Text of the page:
* This seems like a common sense bill…
A new law in Illinois that will take effect at the end of the year is aimed at protecting renters if their landlord’s property goes into foreclosure.
Gov. Pat Quinn signed the law that says that those who buy multifamily properties out of foreclosure should either honor existing tenant leases or give the renters 90 days to move.
State officials say that about 40 percent of families affected by foreclosure are renters.
* From a press release…
Currently, tenants living in foreclosed properties are protected under federal law, but those protections are set to sunset in 2014.
Under the new state law, an owner who acquires a property in a foreclosure proceeding can evict a tenant only at the end of the lease or, if there is no lease, with 90 days’ notice.
If the new owner intends to use the property as his or her primary residence, he or she may terminate the lease but must still give 90 days’ notice. A bank foreclosing on a rental property also must inform tenants of where they should pay their rent.
The bill is here.
Of course, pulling the state and the nation out of the housing foreclosure crisis would probably do a lot more good. But this never-ending economic slump is beyond stubborn.
…Adding… A similar bill was introduced way back in 2007.
* There was a spot of good news accompanying the state’s lousy July unemployment rate report, however…
The number of jobs across the Chicago area grew by 1.9 percent last month from a year earlier, but the unemployment rate still increased.
Highlighting volatility in employment figures, the region encompassing Chicago, Joliet and Naperville saw one of the state’s largest increases in job growth and in the rate of unemployment, according to preliminary data released Thursday by the Illinois Department of Employment Security.
The unemployment rate measures those who are actively searching for work, so if someone gives up their search, they are no longer counted. Conversely, if a region sees job growth but the unemployment rate rises, it indicates that more people are starting to look for jobs.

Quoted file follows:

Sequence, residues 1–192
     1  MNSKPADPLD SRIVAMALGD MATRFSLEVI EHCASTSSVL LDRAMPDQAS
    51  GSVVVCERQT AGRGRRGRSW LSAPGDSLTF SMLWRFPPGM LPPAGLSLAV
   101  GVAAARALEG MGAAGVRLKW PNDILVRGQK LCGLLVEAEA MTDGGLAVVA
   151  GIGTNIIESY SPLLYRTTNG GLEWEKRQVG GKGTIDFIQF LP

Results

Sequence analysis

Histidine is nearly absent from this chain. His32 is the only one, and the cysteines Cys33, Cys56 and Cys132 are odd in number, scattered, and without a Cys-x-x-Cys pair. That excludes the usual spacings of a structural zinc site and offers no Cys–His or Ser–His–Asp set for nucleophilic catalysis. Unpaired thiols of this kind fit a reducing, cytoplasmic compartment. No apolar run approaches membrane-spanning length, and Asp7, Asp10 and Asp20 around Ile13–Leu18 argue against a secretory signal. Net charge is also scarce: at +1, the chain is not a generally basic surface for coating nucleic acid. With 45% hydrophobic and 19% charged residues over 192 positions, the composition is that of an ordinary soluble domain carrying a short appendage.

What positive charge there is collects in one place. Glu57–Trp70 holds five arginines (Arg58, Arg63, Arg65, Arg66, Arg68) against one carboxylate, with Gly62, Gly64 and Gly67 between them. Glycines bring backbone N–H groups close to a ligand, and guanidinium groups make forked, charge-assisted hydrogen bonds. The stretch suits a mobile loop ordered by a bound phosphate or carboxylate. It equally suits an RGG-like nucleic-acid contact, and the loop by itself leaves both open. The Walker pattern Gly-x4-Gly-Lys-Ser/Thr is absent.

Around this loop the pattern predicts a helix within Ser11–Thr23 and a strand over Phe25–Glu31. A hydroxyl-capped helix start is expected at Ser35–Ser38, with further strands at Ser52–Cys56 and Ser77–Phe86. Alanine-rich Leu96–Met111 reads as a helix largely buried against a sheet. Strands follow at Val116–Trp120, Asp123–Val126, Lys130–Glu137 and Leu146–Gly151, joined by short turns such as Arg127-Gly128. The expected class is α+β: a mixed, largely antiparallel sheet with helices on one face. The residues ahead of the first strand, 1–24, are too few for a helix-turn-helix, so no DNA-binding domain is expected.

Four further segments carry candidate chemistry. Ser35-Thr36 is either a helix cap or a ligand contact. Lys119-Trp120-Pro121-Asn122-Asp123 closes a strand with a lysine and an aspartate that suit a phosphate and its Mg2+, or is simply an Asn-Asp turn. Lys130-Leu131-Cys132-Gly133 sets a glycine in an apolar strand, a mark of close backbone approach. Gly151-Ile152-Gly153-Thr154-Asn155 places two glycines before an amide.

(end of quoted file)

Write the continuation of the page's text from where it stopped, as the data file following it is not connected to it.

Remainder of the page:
Across the state, the unemployment rate fell last month in seven of 12 metro areas, but the number of jobs declined in eight out of 12.
So, while the Metro East area saw its unemployment rate drop by a full percentage point, to 8.6 percent, the number of jobs have actually declined by 2,300 from a year ago.
Springfield’s rate fell by a tenth of a point, but Springfield now has 200 fewer gross, non-farm jobs than it did a year ago. Ugh.
And while that 1.9 percentage point increase in the number of jobs in the Chicago region is good news, it’s still not nearly enough over a year’s time. We need growth, man.
The full report is here.
The issue of raising Illinois’ minimum wage generated quite a bit of controversy early in the spring session of the Illinois General Assembly.
One bill in particular, which proposed raising Illinois’ minimum wage from $8.25 an hour to $10 over three years, generated lots of opposition from the business community, which said raising the minimum wage would result only in employers cutting existing minimum wage jobs.
But it never got a vote in the House or Senate, where it remains in the Assignments Committee. By session’s end, pension reform, concealed carry and same-sex marriage had pushed minimum wage off the stage.
If you listened to Gov. Pat Quinn’s speech to Democratic county chairmen last week, though, you heard the minimum wage stepping back into the spotlight as one of the main planks of Quinn’s reelection campaign platform.
“It’s a principle as old as the Bible. If you work 40 hours a week, you should not live in poverty,” Quinn told the crowd in Springfield. “That’s why we’re going to raise the Illinois minimum wage as well.”
I really doubt that bill will be approved by the House if it does clear the Senate. The Illinois Retail Merchants Association, among others, is dead-set against it, and they have a very friendly ear in Speaker Madigan.